Tuesday, February 26, 2002
By Dan Klepal
Olympic group to return more funds
The Cincinnati Enquirer
Cincinnati 2012, the organization that tried to bring the Summer Olympics to town, will return an additional $13,900 in public money to the state of Ohio.
But the nonprofit Olympic organizing group is defending its use of more than $69,500 in public cash brought into question after a state audit this month. The group also has submitted an additional $2,000 in expenses it would like covered by a state grant.
Cincinnati 2012 was given a $250,000 grant by the state's Department of Development in October to cover its expenses between July and November 2001.
Nick Vehr, former president of Cincinnati 2012, sent the state a list of expenses counting against the grant and a check for $61,860 in unused grant money two weeks after Cincinnati was eliminated from competition with seven other U.S. cities for the 2012 Games.
But an audit of those receipts questioned more than $83,000 of the spending for either not having proper documentation or as being spent outside the grant.
Mr. Vehr's group responded with an inch-thick packet of information Monday that he hopes will convince state auditors that most of that spending was proper.
The audit found no illegalities in 2012's reporting and that there were no material weaknesses in the organization's internal accounting controls.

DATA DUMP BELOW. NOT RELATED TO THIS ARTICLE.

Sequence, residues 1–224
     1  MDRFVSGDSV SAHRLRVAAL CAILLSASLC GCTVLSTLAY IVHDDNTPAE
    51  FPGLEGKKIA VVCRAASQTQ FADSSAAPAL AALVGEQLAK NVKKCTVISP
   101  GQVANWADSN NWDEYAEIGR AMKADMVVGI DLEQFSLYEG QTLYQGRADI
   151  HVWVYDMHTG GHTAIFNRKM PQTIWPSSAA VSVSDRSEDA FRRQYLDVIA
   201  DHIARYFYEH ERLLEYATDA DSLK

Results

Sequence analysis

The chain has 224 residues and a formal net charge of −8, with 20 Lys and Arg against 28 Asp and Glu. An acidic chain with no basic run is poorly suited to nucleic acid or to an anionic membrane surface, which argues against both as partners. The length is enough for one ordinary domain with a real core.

It's quite possible they'll have more questions and I look forward to responding in any way we can to satisfy them, to answer any remaining questions, Mr. Vehr said.
Among the explanations Cincinnati 2012 sent to the state:
Cincinnati 2012 says $40,188 of two bills from a consultant totaling $43,606 should be covered by the grant. The group provides receipts of expenses from June and July along with a letter from the president of the Salt Lake City consultant that says they were paid in lump sums for work performed primarily in June and July.
Cincinnati 2012 says the entire amount of $24,150 for two University of Cincinnati studies should be covered. One was for the economic impact of the Games and one on budget risk analysis. The reports were written before the grant period.
Mr. Vehr said the benefit of the studies was realized in July, during a United States Olympic Committee visit to Cincinnati. Mr. Vehr said the state was aware that his organization was going to claim this amount and had signed off on it before the audit took place.
Cincinnati 2012 said more than $4,200 that exceeded the group's budget was spent in the spirit of the grant and that they were given permission to revise their budget.
Among the expenses Cincinnati 2012 admits should not have been submitted: $715 for restaurant, laundry and telephone charges from the Marriott RiverCenter; $1,054 for consulting services prior to the grant period; $3,634 for copier rental before the grant period; and $3,325 for payroll outside of the grant period.
When asked if Cincinnati 2012 has sufficient money to cover the entire amount questioned by the state should it be forced to repay it all, Mr. Vehr declined to answer.
We've concluded that's the amount that is appropriate for us to reimburse the state either based on the quality of documentation or our inability to dig back into records without the benefit of staff and a functioning office, Mr. Vehr said.
Mark Rickel, a development department spokesman, said it may take a while before the state and Cincinnati 2012 work out their differences. The auditor who checked 2012's books was not available for comment Monday.
This is very much a work in progress, Mr. Rickel said. We'll be going back and forth, so it could take a while.
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